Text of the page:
Publisher: Severed Press
Publication date: November 14, 2013
Source: I received this book from the author in exchange for an honest review. (And I will be completely honest, even though he sent me a signed copy! There's an author who understands a reader!)
Okay, the title throws you off a little bit. Jennine, who keeps distance from all things horror, is reviewing a zombie book? If you've been reading here or know me at all, you know that I would typically give an instant 'no' to a book that slightly sounds or looks like horror, monsters, etc. The year I finally read Twilight, it had taken my students that entire school year to convince me to even read the first page! It is the word 'gardening' in this title that made me stop and check it out before saying no.
My kids have a DS/XBox game called Plants vs Zombies. I've watched them play and it seems like a pretty decent game compared to all the violent and weird alternatives. Zombies are attacking a house, going through the backyard, and the only thing there to save the people inside are the plants and gardening tools, who fight it out with the zombies in the backyard. So, my mind immediately goes to this game and wonders about connections. Turns out that Zombie Gardening has a pretty similar idea, although it is nonfiction and completely useful with ingenious marketing.
The summary from Amazon, which is also on the back cover of the book, is too well written for me to mangle it in a summary of my own words: "In a post-apocalyptic world, food is scarce and most mammals will be partially consumed by the undead, leaving infected ravenous beasts waiting to make a quick meal out of any of your appendages. This is coupled with the uncertainty that the very meat that you hope to make your dinner may in fact carry the sickness, making you prone to infection. There is no doubt that the zombie apocalypse will complicate your evening dinner. But through all this terror, there are silent advocates for the survival of the willing. Only the ones that walk softly with purpose will see them. They are the plants that have been growing in the alleys, sidewalks, vacant lots, and backyards. They were here before the outbreak and they will be here long after. Zombies have no attention or interest in this detail. These small advocates for your survival will remain untouched and uninfected. This book will help you to better understand your neighborhood and all the botanical secrets that it holds, which are vital to your survival."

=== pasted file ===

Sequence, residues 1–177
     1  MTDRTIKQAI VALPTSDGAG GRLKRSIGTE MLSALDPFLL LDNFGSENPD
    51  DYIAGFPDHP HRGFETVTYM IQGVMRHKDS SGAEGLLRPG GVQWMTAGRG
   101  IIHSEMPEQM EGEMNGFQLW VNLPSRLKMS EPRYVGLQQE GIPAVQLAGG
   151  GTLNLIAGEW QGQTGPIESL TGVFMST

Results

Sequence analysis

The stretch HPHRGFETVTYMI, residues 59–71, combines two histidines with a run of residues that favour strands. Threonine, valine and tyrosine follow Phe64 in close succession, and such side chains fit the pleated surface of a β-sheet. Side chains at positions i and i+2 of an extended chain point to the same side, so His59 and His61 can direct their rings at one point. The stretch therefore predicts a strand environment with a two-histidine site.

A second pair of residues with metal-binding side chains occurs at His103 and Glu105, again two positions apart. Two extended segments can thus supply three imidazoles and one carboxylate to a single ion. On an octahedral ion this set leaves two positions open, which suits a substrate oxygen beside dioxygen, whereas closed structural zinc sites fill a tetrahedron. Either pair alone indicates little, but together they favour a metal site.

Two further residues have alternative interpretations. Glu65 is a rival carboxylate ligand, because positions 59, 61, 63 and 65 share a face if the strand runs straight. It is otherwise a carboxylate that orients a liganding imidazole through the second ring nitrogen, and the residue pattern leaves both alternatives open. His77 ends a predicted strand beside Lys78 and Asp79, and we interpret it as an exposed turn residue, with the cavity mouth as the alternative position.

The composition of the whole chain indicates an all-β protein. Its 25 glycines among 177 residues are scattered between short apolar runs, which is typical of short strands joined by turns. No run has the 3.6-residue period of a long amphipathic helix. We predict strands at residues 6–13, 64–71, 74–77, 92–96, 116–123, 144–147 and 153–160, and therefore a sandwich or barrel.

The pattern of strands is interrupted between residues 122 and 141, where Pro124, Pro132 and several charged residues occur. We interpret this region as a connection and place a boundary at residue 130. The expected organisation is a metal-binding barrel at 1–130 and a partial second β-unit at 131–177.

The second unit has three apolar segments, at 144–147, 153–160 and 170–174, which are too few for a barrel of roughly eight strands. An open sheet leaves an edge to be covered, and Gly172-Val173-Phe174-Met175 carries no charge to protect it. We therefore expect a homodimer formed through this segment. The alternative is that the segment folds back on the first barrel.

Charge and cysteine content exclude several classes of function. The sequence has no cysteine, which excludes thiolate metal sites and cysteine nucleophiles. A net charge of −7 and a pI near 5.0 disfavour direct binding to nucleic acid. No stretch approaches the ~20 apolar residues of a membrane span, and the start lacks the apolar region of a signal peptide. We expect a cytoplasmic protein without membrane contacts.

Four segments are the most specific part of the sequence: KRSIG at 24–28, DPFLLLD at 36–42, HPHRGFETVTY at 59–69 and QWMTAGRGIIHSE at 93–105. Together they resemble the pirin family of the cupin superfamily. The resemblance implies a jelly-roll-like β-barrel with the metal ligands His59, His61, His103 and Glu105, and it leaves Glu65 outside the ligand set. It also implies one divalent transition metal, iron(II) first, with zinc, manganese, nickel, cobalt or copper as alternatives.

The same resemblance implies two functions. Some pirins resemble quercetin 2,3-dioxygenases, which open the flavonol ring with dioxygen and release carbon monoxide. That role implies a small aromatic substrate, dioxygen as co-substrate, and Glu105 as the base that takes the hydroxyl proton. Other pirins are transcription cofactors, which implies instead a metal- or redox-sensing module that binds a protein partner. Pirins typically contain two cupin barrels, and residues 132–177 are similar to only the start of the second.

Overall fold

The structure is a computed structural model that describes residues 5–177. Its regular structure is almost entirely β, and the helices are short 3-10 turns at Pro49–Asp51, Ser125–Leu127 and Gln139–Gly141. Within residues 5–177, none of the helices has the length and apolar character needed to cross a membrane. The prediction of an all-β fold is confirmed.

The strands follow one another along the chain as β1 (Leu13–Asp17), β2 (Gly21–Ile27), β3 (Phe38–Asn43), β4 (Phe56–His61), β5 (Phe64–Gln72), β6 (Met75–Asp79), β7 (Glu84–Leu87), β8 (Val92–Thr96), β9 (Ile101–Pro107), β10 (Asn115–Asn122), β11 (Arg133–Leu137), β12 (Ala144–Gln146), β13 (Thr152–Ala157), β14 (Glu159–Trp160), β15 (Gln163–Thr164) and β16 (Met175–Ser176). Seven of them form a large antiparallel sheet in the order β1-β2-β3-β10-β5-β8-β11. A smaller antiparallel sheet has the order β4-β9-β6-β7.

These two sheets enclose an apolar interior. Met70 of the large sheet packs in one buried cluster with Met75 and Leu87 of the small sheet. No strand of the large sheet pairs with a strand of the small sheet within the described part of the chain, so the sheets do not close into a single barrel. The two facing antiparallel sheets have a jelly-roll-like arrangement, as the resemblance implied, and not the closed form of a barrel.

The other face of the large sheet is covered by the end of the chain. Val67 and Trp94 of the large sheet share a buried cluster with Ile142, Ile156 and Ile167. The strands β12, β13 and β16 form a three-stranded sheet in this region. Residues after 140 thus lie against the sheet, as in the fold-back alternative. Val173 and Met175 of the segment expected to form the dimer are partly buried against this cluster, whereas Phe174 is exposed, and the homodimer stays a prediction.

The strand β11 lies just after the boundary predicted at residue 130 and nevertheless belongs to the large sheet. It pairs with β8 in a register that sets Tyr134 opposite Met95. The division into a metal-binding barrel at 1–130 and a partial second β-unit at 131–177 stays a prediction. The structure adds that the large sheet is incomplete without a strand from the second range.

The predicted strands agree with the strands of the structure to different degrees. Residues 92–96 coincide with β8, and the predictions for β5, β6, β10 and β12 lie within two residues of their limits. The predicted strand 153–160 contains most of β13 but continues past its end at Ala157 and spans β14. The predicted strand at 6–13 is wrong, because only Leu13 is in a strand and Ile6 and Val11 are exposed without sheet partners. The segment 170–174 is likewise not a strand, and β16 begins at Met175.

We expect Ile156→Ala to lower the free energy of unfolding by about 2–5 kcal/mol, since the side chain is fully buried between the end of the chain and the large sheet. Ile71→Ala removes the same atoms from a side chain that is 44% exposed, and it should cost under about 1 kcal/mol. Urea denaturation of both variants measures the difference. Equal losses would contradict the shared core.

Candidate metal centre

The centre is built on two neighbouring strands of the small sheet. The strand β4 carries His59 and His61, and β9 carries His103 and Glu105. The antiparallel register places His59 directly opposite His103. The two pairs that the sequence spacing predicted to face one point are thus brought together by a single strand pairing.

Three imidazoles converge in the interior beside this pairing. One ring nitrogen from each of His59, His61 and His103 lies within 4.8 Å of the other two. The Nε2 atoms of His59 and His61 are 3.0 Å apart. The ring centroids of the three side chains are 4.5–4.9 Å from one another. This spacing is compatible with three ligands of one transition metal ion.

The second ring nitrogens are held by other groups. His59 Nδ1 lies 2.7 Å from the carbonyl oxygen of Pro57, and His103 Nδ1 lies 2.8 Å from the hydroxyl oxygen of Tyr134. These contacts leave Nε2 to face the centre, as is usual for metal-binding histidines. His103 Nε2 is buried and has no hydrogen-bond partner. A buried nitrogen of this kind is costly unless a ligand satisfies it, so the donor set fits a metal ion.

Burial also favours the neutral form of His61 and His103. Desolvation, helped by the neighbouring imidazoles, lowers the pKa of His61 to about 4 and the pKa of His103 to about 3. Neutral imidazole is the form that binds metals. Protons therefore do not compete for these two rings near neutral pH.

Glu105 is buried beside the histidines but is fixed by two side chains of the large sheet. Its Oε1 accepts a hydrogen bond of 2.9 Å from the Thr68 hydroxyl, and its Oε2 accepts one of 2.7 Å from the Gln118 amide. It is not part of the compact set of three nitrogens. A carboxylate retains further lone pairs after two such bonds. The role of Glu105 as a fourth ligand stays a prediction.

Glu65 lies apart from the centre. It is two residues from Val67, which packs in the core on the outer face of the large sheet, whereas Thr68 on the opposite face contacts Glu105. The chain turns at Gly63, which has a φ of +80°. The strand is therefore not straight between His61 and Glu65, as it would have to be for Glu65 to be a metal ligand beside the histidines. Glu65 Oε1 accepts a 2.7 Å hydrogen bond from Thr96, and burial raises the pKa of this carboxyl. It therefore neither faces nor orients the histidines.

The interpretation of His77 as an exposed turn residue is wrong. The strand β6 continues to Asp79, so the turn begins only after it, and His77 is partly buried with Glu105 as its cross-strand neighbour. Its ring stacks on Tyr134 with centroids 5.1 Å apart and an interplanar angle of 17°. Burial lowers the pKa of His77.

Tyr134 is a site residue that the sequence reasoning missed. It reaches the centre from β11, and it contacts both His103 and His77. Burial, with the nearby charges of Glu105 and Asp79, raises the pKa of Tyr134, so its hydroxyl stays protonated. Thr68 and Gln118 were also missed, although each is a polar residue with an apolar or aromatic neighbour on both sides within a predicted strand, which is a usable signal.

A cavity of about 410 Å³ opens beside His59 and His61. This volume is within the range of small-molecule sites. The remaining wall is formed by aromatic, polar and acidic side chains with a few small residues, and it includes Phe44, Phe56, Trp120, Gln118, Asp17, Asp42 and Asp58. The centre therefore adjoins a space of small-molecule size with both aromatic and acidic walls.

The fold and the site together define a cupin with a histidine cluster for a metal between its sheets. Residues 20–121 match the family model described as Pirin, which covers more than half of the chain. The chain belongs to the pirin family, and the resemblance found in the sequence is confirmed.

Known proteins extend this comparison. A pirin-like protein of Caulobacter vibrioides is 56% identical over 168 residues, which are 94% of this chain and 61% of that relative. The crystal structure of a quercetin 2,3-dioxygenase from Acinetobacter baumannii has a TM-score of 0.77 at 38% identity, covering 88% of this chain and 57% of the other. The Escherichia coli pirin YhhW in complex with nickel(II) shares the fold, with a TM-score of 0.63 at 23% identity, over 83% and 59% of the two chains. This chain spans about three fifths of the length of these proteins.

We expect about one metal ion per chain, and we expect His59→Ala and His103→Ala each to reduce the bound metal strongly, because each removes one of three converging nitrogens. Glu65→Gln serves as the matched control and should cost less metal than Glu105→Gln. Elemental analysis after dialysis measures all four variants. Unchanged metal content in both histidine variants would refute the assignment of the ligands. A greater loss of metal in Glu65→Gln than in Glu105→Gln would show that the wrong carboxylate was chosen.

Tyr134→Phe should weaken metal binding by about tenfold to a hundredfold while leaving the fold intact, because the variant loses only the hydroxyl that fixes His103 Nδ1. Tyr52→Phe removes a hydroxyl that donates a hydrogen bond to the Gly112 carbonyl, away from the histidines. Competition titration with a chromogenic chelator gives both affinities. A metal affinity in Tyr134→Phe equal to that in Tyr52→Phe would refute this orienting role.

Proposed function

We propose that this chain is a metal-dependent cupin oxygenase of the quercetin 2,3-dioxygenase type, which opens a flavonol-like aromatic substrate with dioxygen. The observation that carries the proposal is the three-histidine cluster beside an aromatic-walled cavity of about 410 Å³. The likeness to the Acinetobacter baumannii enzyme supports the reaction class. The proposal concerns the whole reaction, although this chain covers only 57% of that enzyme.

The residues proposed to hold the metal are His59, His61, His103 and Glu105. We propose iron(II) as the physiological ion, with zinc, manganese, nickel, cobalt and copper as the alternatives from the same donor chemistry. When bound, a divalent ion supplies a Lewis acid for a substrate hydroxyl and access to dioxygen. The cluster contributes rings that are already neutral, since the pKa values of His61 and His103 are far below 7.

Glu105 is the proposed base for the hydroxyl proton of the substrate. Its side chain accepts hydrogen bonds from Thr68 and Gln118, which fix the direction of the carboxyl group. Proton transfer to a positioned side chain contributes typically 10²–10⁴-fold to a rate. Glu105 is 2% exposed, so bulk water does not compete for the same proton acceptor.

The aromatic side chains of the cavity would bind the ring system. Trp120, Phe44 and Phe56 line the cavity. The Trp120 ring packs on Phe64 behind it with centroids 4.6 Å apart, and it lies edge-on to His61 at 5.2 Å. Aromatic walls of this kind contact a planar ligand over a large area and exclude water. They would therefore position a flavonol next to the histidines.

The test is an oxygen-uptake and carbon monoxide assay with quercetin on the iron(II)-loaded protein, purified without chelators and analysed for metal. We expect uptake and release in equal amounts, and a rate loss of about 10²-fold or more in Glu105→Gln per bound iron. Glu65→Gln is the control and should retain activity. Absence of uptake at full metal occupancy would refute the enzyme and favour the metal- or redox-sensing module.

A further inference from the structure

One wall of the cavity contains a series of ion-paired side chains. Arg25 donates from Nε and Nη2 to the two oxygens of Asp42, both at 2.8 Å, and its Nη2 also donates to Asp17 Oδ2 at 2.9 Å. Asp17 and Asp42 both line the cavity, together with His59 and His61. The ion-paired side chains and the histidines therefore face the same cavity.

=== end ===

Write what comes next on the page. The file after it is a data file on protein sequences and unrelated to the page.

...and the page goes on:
Ingenious right? A botanic book, of which there are many, but marketed to a specific audience - the Zombie Apocalypsers - that happens to be large and obsessed right now. (And if you don't know about these people, you need to crawl out from under your rock...although that rock may be a good hiding place when the zombies take over.) My first thought was, "My students will love this." Talk about coincidence...I just had a group of thirty kids who wanted to start a survival club, specifically designed to survive the zombie apocalypse. For a few reasons both obvious and not, they weren't able to, but zombie apocalypse or not, the survival information is a relevant skill. I recognized a number of plants in this book that have grown in my backyard all of my life, never knowing how useful they could be.
I recently acquired a book called Zombie Notes, which is a book of Cliff Note type summaries of classics, but with zombies added to the storylines. Students loved it. And look at the raging popularity of Pride and Prejudice and Zombies. There's no doubt, zombies are the thing right now and Kessel found a great way to take advantage of it and in the process, possibly interest people in a topic of great value. I recommend it for any zombie/monster/horror lover in your life. Or even someone who wants a short and easy guide to plants useable as food and medicine.
Do you know your plants? Or do you know your zombies? I'm a plant person myself, but the first mention of zombies and I'm headed out to bunker down in WalMart!